PBGC Issues Updates to Reportable EventsSpring 2016 – Articles For Your Benefit
ERISA Section 4043 requires plans or sponsors to notify the Pension Benefit Guaranty Corporation (PBGC) upon the occurrence of certain company or plan events that may put pensions at risk. Reportable events provide PBGC an opportunity to assess a company’s or plan’s financial problems, encourage plan continuation, or, if necessary, maximize participant recovery upon a termination.
Last fall, PBGC published its final rules, making significant updates to the reportable events structure. Under the new rules, the PBGC believes it is better able to monitor and address situations most likely to result in problems for the pension insurance system. In addition, PBGC predicts 94 percent of plans and sponsors will be exempt from many reporting requirements, resulting in an overall reduction in reporting.
The following is a brief summary of the reportable event triggers and new waivers.
Effective January 1, 2016, a company or plan must generally report the following events within 30 days of occurrence:
Active participant reduction: The active participant count falls below 80 percent of the count at the beginning of the current plan year or 75 percent of the count from the preceding plan year following a single-cause event or due to attrition.
Missed contributions: A sponsor fails to make minimum funding contributions required by ERISA Sections 302 or 303, or a contribution required as a condition of a funding waiver. However, no report is required if the missing contribution is made within 30 days of the due date, or if it was missed solely because of the sponsor’s failure to timely make a funding balance election.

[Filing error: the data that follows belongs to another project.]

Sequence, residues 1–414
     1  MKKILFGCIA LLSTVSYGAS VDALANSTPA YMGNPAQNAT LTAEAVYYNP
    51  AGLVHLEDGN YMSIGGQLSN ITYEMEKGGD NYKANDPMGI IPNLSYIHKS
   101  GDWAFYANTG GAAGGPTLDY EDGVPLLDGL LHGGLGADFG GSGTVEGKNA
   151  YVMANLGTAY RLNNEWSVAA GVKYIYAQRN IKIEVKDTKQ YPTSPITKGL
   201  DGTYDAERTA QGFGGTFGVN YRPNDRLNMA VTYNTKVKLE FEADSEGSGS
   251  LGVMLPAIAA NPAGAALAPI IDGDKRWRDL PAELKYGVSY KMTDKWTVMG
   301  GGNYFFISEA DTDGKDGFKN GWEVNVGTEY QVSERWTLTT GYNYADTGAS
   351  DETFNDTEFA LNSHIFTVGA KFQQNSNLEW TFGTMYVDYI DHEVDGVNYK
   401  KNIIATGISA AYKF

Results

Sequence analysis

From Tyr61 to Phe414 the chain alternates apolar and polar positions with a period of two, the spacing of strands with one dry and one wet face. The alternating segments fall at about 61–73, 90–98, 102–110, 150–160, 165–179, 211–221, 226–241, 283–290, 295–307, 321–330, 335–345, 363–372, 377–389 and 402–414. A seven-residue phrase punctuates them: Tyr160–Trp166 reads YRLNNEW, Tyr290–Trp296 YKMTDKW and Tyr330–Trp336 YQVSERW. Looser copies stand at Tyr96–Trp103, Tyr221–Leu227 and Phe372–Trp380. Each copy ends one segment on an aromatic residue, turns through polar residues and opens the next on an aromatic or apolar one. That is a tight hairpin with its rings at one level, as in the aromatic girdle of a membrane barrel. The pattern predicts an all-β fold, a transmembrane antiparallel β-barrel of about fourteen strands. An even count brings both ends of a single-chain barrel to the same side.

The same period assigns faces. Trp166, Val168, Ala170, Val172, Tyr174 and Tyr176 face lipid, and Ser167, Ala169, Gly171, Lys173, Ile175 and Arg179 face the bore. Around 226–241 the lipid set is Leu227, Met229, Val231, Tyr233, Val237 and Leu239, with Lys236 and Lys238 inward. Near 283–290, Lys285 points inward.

Inability to pay benefits when due: A plan is currently unable or projected to be unable to pay benefits. A plan is “currently unable” when it is unable to provide a participant (or beneficiary) with the full benefits at the time and in the form the benefits are due. A plan is not “currently unable” if it is unable to locate the participant (or beneficiary), if the payment is limited by IRC Section 436, or if the delay is purely administrative and is less than two months or two benefit payment periods. A plan is projected to be unable to pay benefits if as of the last day of any quarter, the plan’s liquid assets are less than two times the amount of disbursements from the plan for that quarter.